Screenshot: Armine on her significant moments in Team Syntegrity 2017 in the final session at Artchimboldi, Barcelona.
In June last year I had the pleasure of being part of a Team Syntegrity conference hosted by openDemocracy. Until the workshop, I had heard much about the process from my colleague and openDemocracy main site editor, Rosemary Bechler. The main question addressed at the conference was: “In the context of several major interconnected global crises, how can civil society help to renew our democracies to rise to the challenge?” It is a question I helped Rosemary draft and one in which I am very interested.
What most drew me to the Team Syntegrity model was that it combines a non-hierarchical model of engagement with a well-developed system of facilitation and moderation. But before arriving in Barcelona, I couldn’t quite imagine how this system would work in practice. While I had been very much looking forward to the conference, due to some unforeseen complications, I could only join the workshop mid-way. By that time, the group had developed its own unique dynamic, so when I arrived in Barcelona two-days after the workshop had started, I felt as though I was stepping mid-way into an on-going conversation. I would catch snippets of past discussions and interactions and although the participants all welcomed me, I could not shake the feeling that I was more of an observer, rather than a full-fledged participant since I had missed out on the foundational interactions of the first days. Regardless, I could clearly see the earnest and honest discussions that were taking place and the strong connections that had been forged in such a short space of time.
The participants came from different countries across the globe (e.g., from Australia, Wales, and all points in between) and from very different walks of life (e.g., artists, politicians, and entrepreneurs). But once we were together in that space, they brought our energies together to address not only the main question above, but also to start generating and thinking through various sub-questions including, how do we create safe and inclusive spaces in society and how do we reinvent politics.
In an era of ever-shrinking public spaces (physical and otherwise) and growing intolerance and hate, events which bring together diverse groups of people to debate, to think, and to come up with new ideas and ways of thinking and engaging with others are important. But being a realist (some would say pessimist…), I cannot help but wonder whether and how we can sustain the discussions, connections, and momentum beyond such organised events and conferences?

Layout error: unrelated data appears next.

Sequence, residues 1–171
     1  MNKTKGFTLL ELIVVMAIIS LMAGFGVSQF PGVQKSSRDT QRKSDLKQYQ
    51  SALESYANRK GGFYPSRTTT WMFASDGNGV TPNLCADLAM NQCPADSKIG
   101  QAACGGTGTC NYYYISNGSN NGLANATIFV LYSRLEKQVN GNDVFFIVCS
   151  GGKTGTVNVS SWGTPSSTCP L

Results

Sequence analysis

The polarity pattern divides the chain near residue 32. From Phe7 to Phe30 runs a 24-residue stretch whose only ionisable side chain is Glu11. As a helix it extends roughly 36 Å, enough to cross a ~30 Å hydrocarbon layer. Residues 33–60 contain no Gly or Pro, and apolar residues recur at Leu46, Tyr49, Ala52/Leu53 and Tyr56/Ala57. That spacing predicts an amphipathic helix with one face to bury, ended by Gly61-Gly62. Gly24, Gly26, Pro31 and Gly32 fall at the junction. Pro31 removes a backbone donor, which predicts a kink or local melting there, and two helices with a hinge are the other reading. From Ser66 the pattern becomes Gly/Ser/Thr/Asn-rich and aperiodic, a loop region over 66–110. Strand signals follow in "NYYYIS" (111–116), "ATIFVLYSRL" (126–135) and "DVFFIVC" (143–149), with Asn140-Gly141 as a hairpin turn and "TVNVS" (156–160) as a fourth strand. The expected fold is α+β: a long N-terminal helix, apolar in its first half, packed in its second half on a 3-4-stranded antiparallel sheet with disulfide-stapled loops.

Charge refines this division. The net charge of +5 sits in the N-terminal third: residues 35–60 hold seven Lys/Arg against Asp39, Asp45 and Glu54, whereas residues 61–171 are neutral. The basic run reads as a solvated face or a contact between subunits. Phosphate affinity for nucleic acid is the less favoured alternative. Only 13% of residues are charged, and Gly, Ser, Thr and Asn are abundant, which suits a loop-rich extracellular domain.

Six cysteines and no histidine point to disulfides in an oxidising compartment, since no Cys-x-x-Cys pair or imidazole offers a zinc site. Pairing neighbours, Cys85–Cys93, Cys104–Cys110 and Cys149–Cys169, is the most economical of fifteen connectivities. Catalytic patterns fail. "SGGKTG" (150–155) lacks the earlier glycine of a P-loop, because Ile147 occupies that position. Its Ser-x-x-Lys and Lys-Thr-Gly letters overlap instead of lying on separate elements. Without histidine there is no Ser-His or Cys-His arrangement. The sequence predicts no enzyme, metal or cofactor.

Some participants have already connected and continue to maintain links with others on social media. But these are individual connections, and is it really enough to ‘like’, ‘follow’, and ‘retweet’ each other’s posts and updates? Or do we need something more – such as co-produced, collaborative projects or meeting points and connections in our real/daily lives? And how can we make this happen when we are so geographically dispersed and immersed in our own work and projects?
Obviously, it is up to each of us to maintain the connections and conversations, to seek new collaborations with people we met through Team Syntegrity, and to show solidarity to one another. For me, openDemocracy is that meeting point, albeit a virtual one, through which this can happen and through which the participants of the Barcelona Team Syntegrity conference can stay in touch.
But ultimately for the process to be meaningful and sustainable, it demands action from each of us and a willingness to continue the conversations we started in Barcelona. So, let’s check-in every once in a while into this space and find ways we can create, what my fellow Team Syntegrity member, Joan Pedro-Caranana called, “a more liveable world”.
Cameron Thibos, Team Syntegrity 2017 photographer. All rights reserved.
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